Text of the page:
O'Mara in the trailer for The Vampire Lovers
|Born||Frances Meredith Carroll
10 August 1939
Leicester, Leicestershire, England, UK
|Died||30 March 2014
Sussex, England, UK
|Spouse(s)||Jeremy Young (m. 1961–76) (divorced)
Richard Willis (m. 1993–96) (divorced)
|Children||Dickon Young, Christopher Linde|
|Relatives||Belinda Carroll (sister)|
Kate O'Mara (10 August 1939 – 30 March 2014) was an English film, stage and television actress, and writer. She was perhaps most widely known for her 1986 role as Caress Morell, the scheming sister of Alexis Colby in the American primetime soap opera Dynasty.
O'Mara made her stage debut in a 1963 production of The Merchant of Venice. Her other stage roles included Elvira in Blithe Spirit (1974), Lady Macbeth in Macbeth (1982), Cleopatra in Antony & Cleopatra (1982), Goneril in King Lear (1987) and Marlene Dietrich in Lunch with Marlene (2008). Her films included two 1970 Hammer Horror films: The Vampire Lovers and The Horror of Frankenstein. On television, she had regular roles in The Brothers (1975–76), Triangle (1981-82) and Howards' Way (1989–90), and portrayed the recurring part of the Rani in Doctor Who (1985–87). She also appeared as Jackie Stone in two episodes of the BBC sitcom Absolutely Fabulous.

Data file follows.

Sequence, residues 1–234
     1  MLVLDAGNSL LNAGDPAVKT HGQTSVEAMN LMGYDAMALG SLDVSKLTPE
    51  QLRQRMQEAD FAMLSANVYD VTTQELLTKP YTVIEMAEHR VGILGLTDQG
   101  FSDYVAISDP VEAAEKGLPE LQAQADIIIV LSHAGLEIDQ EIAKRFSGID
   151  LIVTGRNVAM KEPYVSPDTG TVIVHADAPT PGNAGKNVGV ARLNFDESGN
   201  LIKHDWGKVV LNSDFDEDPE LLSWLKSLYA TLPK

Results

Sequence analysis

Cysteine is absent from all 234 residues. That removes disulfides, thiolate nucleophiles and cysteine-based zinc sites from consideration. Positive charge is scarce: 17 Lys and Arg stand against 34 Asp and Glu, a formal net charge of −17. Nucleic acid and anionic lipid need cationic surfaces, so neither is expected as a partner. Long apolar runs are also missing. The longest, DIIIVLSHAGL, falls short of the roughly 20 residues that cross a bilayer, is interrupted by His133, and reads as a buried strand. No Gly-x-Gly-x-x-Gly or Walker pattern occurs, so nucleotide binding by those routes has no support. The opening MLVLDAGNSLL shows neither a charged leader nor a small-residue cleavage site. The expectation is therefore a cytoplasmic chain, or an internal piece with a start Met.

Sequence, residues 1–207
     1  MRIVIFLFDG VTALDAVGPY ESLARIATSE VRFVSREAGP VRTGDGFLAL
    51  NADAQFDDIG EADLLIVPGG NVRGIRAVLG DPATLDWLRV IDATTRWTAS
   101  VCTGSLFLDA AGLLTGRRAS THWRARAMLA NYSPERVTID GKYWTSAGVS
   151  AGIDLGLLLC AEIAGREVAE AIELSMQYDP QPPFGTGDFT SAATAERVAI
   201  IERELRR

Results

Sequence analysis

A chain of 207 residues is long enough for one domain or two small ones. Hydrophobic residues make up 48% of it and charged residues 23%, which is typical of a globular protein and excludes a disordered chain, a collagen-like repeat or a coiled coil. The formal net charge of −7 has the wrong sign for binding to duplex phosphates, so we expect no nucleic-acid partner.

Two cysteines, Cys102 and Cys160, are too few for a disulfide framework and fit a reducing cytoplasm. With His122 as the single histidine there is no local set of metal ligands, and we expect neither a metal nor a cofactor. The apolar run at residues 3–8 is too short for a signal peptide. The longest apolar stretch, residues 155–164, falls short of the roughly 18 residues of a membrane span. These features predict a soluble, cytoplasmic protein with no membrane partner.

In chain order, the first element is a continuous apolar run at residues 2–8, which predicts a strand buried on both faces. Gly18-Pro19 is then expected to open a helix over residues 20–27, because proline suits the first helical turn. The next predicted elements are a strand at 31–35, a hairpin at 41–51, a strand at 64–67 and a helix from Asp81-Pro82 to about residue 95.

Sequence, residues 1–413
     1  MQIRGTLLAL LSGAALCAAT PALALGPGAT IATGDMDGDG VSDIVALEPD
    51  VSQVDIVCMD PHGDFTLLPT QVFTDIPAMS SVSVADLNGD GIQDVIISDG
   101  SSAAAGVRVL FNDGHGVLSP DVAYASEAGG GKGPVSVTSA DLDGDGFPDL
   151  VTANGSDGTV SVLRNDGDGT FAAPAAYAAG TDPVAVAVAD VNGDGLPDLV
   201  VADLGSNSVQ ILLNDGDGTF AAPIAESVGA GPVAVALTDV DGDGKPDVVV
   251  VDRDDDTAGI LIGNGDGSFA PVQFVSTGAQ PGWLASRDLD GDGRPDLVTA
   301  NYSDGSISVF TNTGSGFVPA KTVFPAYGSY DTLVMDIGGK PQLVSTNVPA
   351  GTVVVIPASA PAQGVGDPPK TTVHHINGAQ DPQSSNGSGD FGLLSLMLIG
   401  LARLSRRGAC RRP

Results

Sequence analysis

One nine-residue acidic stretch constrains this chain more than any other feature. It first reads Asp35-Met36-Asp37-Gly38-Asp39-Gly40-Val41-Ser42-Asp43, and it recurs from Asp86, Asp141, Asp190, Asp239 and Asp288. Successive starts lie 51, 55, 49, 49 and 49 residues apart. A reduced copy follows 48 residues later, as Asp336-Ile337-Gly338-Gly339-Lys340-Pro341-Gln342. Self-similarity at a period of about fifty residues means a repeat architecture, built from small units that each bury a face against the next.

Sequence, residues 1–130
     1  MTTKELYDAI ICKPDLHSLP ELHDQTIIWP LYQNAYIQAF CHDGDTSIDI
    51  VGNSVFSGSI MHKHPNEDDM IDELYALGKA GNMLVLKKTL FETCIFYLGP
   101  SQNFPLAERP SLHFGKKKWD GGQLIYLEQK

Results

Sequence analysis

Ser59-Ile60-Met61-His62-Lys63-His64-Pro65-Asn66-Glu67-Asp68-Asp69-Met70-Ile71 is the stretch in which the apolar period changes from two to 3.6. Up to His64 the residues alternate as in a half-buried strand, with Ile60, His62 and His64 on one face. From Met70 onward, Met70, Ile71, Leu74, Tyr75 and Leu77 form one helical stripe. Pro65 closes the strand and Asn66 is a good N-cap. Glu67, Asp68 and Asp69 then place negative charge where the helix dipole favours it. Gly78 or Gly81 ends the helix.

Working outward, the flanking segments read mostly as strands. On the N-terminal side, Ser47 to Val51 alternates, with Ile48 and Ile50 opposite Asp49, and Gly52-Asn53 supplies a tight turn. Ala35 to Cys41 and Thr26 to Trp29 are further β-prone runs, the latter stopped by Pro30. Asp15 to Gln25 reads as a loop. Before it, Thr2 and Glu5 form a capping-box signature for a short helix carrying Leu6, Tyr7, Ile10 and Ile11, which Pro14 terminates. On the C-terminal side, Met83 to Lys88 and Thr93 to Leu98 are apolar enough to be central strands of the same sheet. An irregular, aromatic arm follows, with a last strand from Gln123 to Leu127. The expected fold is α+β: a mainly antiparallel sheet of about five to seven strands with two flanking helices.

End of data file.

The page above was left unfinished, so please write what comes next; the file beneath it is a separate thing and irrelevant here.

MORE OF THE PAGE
Early life and career
O'Mara was born Frances Meredith Carroll to John F. Carroll, an RAF flying instructor, and actress Hazel Bainbridge (born Edith M H A Bainbridge; 1909/1910 – died 7 January 1998). Her younger sister is actress Belinda Carroll. After boarding school she attended art school before becoming a full-time actress.
O'Mara made her stage debut in a production of The Merchant of Venice in 1963, although her first film role was some years earlier (under the name Merrie Carroll) in Home and Away (1956) with Jack Warner, as her father, and Kathleen Harrison.
Her earliest television appearances, in the 1960s, included guest roles in Danger Man, Adam Adamant Lives!, The Saint, Z-Cars and The Avengers. In 1970, she appeared in two Hammer Studio horror films: The Vampire Lovers and The Horror of Frankenstein. In the former, she had an erotically charged scene with Ingrid Pitt, in which O'Mara was meant to be seduced; the two women were left laughing on set, however, as Pitt's fangs kept falling into O'Mara's cleavage. O'Mara's work in The Vampire Lovers impressed Hammer enough for them to offer her a contract, which she turned down, fearful of being typecast.